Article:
19 Absolute Magnitude (M) Knowing the apparent magnitude (m) and the distance in pc (d) of a star its absolute magnitude (M) can be found using the following equation: m M 5log d 10 Example: Find the absolute magnitude of the Sun. The apparent magnitude is The distance of the Sun from the Earth is 1 AU = 4.9x10-6 pc Answer = +4.8

20 Example Problem A star has an apparent magnitude of 4.0 and an absolute magnitude of What is the distance to the star?

21 Distance Modulus

22 The Magnitude Scale (2) The magnitude scale system can be extended towards negative numbers (very bright) and numbers > 6 (faint objects): Sirius (brightest star in the sky): m v = Full moon: m v = Sun: m v = -26.5

23 How do we locate a spot on the earth? Maps, mapquest, Google Map, GPS If we ignore how high it is above the sea To describe a spot on the surface of the earth, we use a set of numbers (degrees), called Coordinates Longitude Latitude 0º

24 The horizon coordinate system Altitude Angle above the horizon 0-90 The altitude of the north celestial pole equals the observer s latitude on the earth Azimuth Angle measured eastward along the horizon, starting from the north Zenith The extended vertical line intersects with the celestial sphere Meridian The great circle passing through the celestial poles and the zenith Meridian Horizon The great circle whose pole is the zenith

25

26 The Celestial Sphere

27 The Celestial Sphere Zenith = Point on the celestial sphere directly overhead Nadir = Point on the c.s. directly underneath (not visible!) Celestial equator = projection of Earth s equator onto the c. s. North celestial pole = projection of Earth s north pole onto the c. s.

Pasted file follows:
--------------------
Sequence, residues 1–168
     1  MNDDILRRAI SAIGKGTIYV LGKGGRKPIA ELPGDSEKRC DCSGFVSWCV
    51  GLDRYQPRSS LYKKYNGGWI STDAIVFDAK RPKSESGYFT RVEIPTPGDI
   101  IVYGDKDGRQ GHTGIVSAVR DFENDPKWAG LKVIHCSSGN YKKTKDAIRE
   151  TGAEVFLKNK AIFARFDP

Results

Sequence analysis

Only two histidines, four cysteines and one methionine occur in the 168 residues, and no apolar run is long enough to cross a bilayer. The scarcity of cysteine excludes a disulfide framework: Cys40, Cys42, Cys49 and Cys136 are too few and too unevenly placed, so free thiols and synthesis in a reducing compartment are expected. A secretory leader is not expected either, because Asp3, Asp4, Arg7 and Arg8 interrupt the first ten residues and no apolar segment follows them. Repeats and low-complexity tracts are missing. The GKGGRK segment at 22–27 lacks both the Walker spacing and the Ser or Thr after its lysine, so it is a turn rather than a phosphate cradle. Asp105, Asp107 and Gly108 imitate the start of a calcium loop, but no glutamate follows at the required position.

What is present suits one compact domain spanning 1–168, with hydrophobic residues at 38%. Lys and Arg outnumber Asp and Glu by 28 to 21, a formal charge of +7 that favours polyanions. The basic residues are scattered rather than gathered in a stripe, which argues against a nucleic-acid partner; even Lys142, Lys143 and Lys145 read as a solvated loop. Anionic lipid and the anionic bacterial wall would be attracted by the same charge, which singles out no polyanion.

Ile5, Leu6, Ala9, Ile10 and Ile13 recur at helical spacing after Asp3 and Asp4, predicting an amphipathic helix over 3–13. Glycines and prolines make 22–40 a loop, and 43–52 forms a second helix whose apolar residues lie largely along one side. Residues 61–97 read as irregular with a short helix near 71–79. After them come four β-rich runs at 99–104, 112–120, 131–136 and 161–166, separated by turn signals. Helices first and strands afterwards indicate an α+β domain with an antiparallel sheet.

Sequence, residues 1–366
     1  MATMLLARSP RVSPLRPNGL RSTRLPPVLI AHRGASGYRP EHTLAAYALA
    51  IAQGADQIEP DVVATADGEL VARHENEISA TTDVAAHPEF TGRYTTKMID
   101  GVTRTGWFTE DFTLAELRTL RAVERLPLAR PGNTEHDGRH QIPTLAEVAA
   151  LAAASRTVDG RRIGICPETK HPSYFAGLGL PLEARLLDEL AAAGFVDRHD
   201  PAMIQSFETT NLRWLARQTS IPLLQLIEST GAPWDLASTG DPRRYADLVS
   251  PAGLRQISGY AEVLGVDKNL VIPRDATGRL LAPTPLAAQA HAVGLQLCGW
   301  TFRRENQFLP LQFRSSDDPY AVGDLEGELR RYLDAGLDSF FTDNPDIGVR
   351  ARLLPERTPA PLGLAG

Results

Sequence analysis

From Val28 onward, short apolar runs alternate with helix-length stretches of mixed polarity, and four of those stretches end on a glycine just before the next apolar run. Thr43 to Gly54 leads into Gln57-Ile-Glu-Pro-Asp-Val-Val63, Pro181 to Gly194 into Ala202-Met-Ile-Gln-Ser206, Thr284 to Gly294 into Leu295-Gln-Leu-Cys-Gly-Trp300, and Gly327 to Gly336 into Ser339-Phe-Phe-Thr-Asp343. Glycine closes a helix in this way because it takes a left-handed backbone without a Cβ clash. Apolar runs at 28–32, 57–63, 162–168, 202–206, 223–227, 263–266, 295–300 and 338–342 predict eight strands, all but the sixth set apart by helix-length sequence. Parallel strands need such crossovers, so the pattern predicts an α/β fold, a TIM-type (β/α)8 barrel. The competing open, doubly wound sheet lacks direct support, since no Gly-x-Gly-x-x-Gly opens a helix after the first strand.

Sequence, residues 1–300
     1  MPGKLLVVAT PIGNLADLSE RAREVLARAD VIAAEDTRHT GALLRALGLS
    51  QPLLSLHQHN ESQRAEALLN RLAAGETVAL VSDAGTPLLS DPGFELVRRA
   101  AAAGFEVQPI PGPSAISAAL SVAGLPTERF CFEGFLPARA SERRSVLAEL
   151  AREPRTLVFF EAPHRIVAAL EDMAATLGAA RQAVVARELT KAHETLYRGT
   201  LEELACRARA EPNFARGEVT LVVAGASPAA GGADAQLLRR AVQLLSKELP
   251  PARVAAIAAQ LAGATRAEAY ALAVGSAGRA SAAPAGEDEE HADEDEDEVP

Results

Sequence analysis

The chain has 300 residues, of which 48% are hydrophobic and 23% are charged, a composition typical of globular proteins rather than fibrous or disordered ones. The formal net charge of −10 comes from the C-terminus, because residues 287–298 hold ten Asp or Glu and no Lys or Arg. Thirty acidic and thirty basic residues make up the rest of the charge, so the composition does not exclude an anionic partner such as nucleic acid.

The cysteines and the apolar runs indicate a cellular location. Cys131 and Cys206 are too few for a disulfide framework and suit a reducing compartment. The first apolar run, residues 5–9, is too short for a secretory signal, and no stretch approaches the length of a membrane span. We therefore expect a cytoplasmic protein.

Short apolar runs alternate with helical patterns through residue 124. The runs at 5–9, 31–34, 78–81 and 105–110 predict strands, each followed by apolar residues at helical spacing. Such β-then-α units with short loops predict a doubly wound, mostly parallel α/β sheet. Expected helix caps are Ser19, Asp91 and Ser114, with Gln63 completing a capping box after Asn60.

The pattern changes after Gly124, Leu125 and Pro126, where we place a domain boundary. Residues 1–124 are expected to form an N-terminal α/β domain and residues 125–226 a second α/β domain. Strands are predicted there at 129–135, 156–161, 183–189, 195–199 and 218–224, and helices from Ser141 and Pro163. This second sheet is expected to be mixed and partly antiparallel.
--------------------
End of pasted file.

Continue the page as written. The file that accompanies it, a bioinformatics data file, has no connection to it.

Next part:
28 The Celestial Sphere (3)

29 This Means At Northern Latitudes The angle which Polaris is above the horizon is actually your latitude

30 Apparent Motion of The Celestial Sphere Motion is Counter clockwise when Viewing North

31 Apparent Motion of The Celestial Sphere (2)

32 The horizon coordinate system Altitude Angle above the horizon 0-90 The altitude of the north celestial pole equals the observer s latitude on the earth Azimuth Angle measured eastward along the horizon, starting from the north Zenith The extended vertical line intersects with the celestial sphere Meridian The great circle passing through the celestial poles and the zenith Meridian Horizon The great circle whose pole is the zenith

33 Pros Pros and Cons of the horizon system Easy to tell and understand Cons At different position on the earth, the same object has different coordinates At different time, the same object has different coordinates The Coordinates of an object Change in the horizon system!

34 Equatorial Coordinate System A system in which the coordinates of an object does not change Like the longitude and latitude on the earth, we have Right Ascension and Declination in the Equatorial system The equatorial coordinate system rotates with stars and galaxies